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Asked — Edited

25 Command Functions Over 2 Wires

There has been some discussion on the forum on I2C port extenders for the EZ-B so I thought it may be relevant to show what we are doing with this on the EZ;1 and EZ:2 robots.

The EZ-B is an I2C master so the external (18 pin) micro must be a slave (although it is possible to have more than one master on an I2C bus), in the video the EZ-B script sending the I2C commands can be seen running in the background.

The EZ:1 currently has 25 head functions, the single head micro does all the work (releasing the EZ-B to do other things) like controlling the eye servos, RGB LED pupils, PWM eye rims, smile LEDs, Frown LEDs, ear LED rims and also sends head sensor data back to the EZ-B. When in debug mode the micro also sends out the last command to an I2C LCD that's connected to the bus as you can see in the video. If the head was directly connected to the EZ-B it would use 12 EZ-B port lines.

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That was great, thanks for the video. Now I know what the l2C port can be used for.

:):):):) j


That's awesome @Tony! I2C is the way to go for a multi control hierarchy with EZ-B at the top :). Though it does mean a lot more programming then the EZ Control format. I presume the sub controller could be some thing like an arduino loaded with a "stock set" of functions. I would be interested to know if the EZ-B could control the various sub controllers "on the fly" and not grind down the processing time over all ....like the human body which has a lot of autonomous functions but when you need the body to listen to the brain it better be able to run/jump (here comes a lion:) ) Thanks for sharing Tony


Fantastic work! Thanks for sharing the video.

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@irobot58 I have never used an arduino or an AVR in my life, I have been programming PICs for over 20 years and have produced extensive code libraries that does pretty much everything that I need. For the EZ:1 and EZ:2 head micro I use the PIC16F819 which is packed with great features. The 16F819 micro costs around a £1 (in volume), so its not expensive considering how much functionality it adds to the robot.

The EZ-B here just sends the command (just one byte) to the PIC, then the PIC does all the work so I guess you can call it a sub controller.


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That's awesome, it's something I keep meaning to look in to myself but so far haven't gotten around to it. Originally I had planend to use Arduino (for simplicity more than anything) but the £1 16F819 micro sounds much more tempting!

Is the 16F819 difficult to program?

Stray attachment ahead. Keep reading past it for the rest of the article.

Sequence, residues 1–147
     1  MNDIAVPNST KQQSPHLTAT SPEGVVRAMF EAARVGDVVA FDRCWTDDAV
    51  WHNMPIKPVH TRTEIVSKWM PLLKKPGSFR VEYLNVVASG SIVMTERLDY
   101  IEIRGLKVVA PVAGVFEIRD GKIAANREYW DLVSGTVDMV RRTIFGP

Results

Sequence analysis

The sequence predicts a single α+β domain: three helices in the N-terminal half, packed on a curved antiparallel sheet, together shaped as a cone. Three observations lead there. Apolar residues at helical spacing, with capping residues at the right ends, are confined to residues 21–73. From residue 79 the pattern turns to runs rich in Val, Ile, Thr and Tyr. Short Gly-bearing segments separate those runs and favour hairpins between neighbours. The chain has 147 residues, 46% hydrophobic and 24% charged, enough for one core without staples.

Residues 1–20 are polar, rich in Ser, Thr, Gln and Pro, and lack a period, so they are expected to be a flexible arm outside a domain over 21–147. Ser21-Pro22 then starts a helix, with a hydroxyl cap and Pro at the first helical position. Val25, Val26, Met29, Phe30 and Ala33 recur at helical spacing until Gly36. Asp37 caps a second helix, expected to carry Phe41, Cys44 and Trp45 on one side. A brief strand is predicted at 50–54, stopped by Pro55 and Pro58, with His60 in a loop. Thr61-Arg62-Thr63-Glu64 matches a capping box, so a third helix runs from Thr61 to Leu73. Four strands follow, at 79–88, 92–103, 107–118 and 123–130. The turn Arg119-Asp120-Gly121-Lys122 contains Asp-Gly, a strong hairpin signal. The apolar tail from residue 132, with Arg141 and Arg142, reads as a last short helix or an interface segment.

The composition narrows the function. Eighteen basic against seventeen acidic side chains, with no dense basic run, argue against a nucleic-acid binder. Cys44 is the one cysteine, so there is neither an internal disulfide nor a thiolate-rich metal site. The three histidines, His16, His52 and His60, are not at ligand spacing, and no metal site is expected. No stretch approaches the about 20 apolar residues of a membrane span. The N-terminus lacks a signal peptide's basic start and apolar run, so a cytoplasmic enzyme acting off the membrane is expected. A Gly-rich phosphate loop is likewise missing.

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Hi Rich

I built up quite a big code library for PICs over the years, so what you see in the video is about a days work. But starting from scratch it would take you quite a bit of time to do the more complex stuff like I2C. All my boards have in-circuit programming, so I can download new firmware straight into the head itself, the in-circuit programmers are around £30.

If you need something specific (and dont mind waiting until I get some spare time), I could knock one up to your particular specification, then you will just need to add it to a stripboard. If you had an in-circuit programmer, then if you needed any modification, then all I need to send you is the .hex file


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To be honest I'm just looking to add more strings to my bow more than anything else or anything specific.

Melvin's head could have done with it's own PIC for eye movement and LEDs etc. but now I've replaced the LEDs for BlinkMs it's barely worth doing for 2 servos. I will bear that in mind for future project though, I have a few things in mind that will need a lot of ports where I'd like them grouped together but that project is getting further and further away these days.


@Tony , thanks for the update, and someone who has extensive experience with PIC s you would naturally implement them:) For me and a lot of others on the Forum keeping the programming simple (EZ) is desirable....but....one likes to explore other possibilities and to quote @Rich " To be honest I'm just looking to add more strings to my bow more than anything else or anything specific." Glen

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@Glen You can get ready made I2C I/O expansion ICs like this


My PIC is slightly different as I also build in routines for things like facial expressions like happy/surprise etc and controlling the servos.



Toymaker, You have the experience I want to add to my robotics projects! Thank You, Steve S